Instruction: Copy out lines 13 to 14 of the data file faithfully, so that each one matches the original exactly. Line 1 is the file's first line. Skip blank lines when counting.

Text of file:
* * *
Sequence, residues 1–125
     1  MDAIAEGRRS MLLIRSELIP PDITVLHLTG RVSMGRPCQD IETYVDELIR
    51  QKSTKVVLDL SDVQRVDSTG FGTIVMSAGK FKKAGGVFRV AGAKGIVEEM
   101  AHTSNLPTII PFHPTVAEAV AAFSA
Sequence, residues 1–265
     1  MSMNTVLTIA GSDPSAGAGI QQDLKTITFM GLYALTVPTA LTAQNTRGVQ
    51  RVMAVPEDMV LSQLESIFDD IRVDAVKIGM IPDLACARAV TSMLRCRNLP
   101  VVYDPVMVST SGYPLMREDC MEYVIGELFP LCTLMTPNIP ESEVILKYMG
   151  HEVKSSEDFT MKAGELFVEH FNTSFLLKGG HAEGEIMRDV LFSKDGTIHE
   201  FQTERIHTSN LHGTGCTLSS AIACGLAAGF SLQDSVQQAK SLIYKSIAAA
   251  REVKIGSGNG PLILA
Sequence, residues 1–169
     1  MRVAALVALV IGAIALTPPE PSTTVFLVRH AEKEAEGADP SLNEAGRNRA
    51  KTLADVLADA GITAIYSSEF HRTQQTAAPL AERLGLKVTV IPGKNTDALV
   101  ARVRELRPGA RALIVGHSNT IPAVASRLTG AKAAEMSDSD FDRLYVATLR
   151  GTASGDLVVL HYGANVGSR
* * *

     1  MRVAALVALV IGAIALTPPE PSTTVFLVRH AEKEAEGADP SLNEAGRNRA
    51  KTLADVLADA GITAIYSSEF HRTQQTAAPL AERLGLKVTV IPGKNTDALV